Tonight is my (hopefully) last ever 30-hour in-hospital call. It's strange to think that another phase of my training is drawing to a close and that I'm on the brink of being allowed to practice medicine all on my own. The day started off with the usual parade of inpatient tasks: checking in on patients, reviewing lab results and x-rays, rounding with the attending, note writing. It was a calm day. I was in our resident lounge studying, in fact, and had just dozed off on the comfy sofa when my pager went off.
"Of course," I said, maybe just in my head, maybe out loud. I called back the number and that's when things got a little crazy. Sit tight with me for this story, see, I'm still processing what went on and actually thought sitting down to write about it might help me in some way.
So, I returned the call and was made aware that there was a potentially very sick pediatric patient in the emergency room. The call actually came from a nurse in our pediatric ICU, who was checking with me to get more information about a patient they had heard might be getting admitted to the unit. At that point, I actually hadn't heard anything, but told her I'd look into it by calling the ER.
When the clerk answered the phone in the ER and I identified myself as the pediatric resident on call, she laid out a story: a toddler had been brought in by his parents and he had been immediately put in a room and there was a chance he was going to be intubated and possibly coded, and the ER docs thought maybe he had perforated his bowel. She told me he might be going to the operating room, that the surgeons had been notified.
I called back the ICU and gave them the info, then told them I was going to go to the ER myself to see what was happening.
Walking into the 25+ room/bed emergency department, there was no question as to which of the rooms the toddler was in. There was a crowd of people at the door, a flurry of activity coming in and out of the room. I found another resident, who was working in the ER, and she told me a quick story about the patient. By the time I got to his room, he had been intubated and because they had a very difficult time getting IV access on him, they'd had to place IO lines (IO = intraosseous, something we can do for kids where we put a pretty big needle into the bone in the lower leg so we can give vital medications, fluids, etc). An x-ray was being taken to see of the breathing tube was properly positioned, to try and see if there was a problem in the abdominal cavity, and to see if both of his lungs were inflated. The x-ray showed that he'd possibly had one of his lungs collapse, so the ER doctors and surgery resident prepared to place a tube in his chest to evacuate the air. During this time, the boy's heart began to slow down to a rate that requires us to start chest compressions. We were officially in a full blown code blue.
What happened for the next 25 minutes was a demonstration of what physicians and nurses do to work together to save lives. For a few moments every now and then the room would get a little more tense and on edge, but for the most part what I saw happen was a coordinated effort to bring this boy back from the brink, rescue him from death.
Breath was pumped into his lungs, three of us alternated turns to compress his chest to try and pump his heart for him so blood could flow through his body, needles were stuck into his belly, his chest to suck out air that shouldn't be there and might be compressing vital organs, time was watched to let us know when doses of medications could be given, and all the while the boy was motionless on the bed.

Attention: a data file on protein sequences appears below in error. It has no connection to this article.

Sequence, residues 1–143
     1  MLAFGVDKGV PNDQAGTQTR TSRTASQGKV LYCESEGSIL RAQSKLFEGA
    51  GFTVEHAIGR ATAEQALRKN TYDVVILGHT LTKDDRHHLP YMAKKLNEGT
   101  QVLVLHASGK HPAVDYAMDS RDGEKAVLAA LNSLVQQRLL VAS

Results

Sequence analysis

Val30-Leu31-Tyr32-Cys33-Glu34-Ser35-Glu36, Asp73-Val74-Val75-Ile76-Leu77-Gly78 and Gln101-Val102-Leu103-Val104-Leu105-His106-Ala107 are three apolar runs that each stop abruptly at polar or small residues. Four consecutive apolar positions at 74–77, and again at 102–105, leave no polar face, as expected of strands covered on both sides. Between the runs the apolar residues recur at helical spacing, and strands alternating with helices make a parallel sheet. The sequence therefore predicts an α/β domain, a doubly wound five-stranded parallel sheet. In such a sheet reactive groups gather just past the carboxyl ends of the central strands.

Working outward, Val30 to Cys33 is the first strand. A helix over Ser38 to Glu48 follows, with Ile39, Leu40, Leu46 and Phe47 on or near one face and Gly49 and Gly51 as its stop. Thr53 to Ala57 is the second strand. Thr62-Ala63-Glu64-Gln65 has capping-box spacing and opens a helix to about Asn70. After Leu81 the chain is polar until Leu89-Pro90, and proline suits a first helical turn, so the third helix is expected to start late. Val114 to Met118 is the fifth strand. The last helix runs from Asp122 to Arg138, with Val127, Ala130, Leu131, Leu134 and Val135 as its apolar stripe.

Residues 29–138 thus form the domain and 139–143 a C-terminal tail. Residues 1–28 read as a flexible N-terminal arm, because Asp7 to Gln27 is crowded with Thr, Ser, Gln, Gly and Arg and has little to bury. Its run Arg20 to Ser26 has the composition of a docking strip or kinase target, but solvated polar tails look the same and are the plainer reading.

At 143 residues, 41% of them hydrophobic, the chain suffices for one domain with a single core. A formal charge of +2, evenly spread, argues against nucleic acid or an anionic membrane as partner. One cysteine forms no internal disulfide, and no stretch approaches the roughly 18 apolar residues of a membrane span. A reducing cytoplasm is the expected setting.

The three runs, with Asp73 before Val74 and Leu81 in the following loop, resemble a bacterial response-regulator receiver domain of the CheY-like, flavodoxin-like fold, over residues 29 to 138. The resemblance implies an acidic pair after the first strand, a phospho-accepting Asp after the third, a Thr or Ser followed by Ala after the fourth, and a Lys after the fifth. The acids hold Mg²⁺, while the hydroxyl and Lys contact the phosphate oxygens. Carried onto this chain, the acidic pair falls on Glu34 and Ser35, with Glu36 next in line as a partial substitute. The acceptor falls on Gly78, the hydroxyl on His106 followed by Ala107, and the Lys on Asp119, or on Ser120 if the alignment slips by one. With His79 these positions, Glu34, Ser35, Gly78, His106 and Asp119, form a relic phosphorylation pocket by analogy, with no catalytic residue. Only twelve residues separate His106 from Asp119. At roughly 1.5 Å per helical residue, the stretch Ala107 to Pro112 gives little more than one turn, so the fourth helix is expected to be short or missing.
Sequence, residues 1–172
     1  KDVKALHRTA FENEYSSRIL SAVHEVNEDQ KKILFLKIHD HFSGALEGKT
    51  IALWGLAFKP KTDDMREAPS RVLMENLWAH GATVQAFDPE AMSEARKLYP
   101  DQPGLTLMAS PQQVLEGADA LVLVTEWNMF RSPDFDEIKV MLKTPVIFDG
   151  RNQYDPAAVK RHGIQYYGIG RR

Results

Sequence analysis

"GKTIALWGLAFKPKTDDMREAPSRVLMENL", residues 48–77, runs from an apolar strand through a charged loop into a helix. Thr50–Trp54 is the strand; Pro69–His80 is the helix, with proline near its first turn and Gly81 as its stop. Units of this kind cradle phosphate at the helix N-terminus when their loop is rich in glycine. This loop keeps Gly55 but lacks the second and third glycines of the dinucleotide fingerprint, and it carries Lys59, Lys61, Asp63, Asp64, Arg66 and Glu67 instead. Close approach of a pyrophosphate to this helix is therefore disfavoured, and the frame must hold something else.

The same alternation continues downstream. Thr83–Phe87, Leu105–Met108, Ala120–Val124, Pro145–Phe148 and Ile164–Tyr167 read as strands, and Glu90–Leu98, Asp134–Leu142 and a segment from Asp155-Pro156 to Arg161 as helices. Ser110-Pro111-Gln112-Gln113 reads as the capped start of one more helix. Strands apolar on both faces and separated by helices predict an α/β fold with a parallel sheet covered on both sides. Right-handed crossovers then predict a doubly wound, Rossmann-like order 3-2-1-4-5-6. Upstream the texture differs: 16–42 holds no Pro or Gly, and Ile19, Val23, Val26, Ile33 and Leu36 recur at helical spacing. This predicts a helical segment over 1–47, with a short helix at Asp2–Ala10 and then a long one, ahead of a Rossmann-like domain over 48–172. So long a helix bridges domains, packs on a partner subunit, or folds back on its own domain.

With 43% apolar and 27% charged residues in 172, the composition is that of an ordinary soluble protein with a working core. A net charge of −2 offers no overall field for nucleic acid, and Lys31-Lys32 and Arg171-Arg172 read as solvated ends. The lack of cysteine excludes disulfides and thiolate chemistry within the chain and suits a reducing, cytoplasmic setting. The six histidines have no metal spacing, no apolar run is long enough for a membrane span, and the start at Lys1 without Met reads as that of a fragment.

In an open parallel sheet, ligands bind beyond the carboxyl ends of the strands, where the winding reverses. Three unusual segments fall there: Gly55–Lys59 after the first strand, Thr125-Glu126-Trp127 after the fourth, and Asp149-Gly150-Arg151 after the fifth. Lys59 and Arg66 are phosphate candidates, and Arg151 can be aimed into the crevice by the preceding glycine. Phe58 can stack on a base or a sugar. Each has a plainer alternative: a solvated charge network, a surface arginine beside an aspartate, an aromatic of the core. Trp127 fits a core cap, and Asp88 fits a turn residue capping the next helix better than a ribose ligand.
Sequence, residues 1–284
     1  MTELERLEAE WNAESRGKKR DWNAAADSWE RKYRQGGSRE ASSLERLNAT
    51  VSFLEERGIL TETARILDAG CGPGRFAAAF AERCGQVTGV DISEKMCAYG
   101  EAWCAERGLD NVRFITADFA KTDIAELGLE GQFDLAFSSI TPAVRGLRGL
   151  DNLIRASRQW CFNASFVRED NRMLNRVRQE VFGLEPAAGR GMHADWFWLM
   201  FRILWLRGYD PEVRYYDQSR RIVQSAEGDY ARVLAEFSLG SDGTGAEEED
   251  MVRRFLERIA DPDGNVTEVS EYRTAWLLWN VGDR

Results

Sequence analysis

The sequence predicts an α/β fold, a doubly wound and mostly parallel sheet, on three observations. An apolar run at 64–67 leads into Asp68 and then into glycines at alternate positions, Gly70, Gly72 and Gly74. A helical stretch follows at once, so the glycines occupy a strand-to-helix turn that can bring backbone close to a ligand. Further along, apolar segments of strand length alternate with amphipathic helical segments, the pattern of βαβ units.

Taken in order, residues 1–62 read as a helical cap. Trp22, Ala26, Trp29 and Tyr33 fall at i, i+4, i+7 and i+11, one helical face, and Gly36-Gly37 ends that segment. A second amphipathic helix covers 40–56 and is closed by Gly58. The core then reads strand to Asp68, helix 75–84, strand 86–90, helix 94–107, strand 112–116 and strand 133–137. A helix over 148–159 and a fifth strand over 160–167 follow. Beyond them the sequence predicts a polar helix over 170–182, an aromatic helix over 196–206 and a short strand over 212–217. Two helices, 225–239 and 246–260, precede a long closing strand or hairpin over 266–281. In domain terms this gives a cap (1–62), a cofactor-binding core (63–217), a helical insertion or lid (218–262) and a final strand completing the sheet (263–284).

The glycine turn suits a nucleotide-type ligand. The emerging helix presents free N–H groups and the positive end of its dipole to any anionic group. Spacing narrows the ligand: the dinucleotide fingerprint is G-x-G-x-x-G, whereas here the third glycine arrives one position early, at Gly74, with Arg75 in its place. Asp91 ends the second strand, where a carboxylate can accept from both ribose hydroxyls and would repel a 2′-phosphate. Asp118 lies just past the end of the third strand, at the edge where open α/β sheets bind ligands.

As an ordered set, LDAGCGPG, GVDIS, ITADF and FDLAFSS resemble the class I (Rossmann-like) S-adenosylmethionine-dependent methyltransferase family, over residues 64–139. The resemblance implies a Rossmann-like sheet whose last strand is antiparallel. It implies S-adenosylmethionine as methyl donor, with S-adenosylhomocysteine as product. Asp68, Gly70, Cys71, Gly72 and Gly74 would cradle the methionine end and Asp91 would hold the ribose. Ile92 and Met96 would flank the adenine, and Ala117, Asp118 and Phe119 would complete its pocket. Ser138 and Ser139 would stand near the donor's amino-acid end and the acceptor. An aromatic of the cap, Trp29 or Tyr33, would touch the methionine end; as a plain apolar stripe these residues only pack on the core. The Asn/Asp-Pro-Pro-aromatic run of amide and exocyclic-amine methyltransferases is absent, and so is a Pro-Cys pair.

At about the midpoint of the efforts the parents were brought into the room. They saw their boy, they saw a room full of doctors and nurses working to save him. They were too upset to stay in the room, and stepped just outside into the hallway, mom sobbing, dad crying.
There was a moment when his heart began beating again. It showed up on the screen, a flicker of activity, a steady rhythm but not the kind that can actually keep someone alive - but just enough that we felt a weak pulse. A shock of electricity was delivered in the hope that it would "reset" the electrical system of the heart so it would beat properly and strongly on its own. For a minute or two, it did, We could take a break from the chest compressions, but several of us had our eyes on that monitor, watching the heart rhythm to make sure it behaved.
Of course, it didn't.
We went back to compressing the chest. More medications were given. More needles placed. I'm sure more prayers or requests for divine intervention were made.
It gets to a point, though, where everyone in the room starts making eye contact with one another. We all begin glancing around, then glancing back up at the clock. In our minds, thinking, "It's been ___ minutes since we started compressions." We start doing the calculations. Start remembering the basic science. "Brain damage sets in after only 3-4 minutes without fresh oxygen." "Chances of meaningful recovery after severe anoxic brain injury are less than 1%." We know. We don't want to know, but we know. We don't want it to be true.
But, it is. It's enough. We've gotten to the point where we say, "this is all we can do." It's enough. But when it's a child, the words "we've done enough" seem inadequate. When a child was playing happily this morning and suddenly fell sick this afternoon, and now we are looking at his little body in front of us, how can we feel that we've done enough?
Through the past four years of training, I have seen plenty of patients die. I have been a part of several code blue situations. I have stuck needles and tubes in people. I have done chest compressions. I have squeezed oxygen into their lungs. I have seen most of those people ultimately pronounced dead - either pronounced dead for the cessation of the code, or dying hours to days later after having been hooked up to life support following the resuscitation efforts. Some of those codes and ultimately those deaths came expectedly. Death creeping up, closer and closer, all of us doctors knowing the end was near, unable to convince the patient or the family that a code would fail. Then when the page comes "Code Blue, room ___," we look at our pagers and think, "Of course." Some codes are expected because of a person's age. Are we really that surprised when a 96 year old's heart stops beating? Is it that shocking when a patient with cancer affecting every part of their body succumbs to infection or organ failure?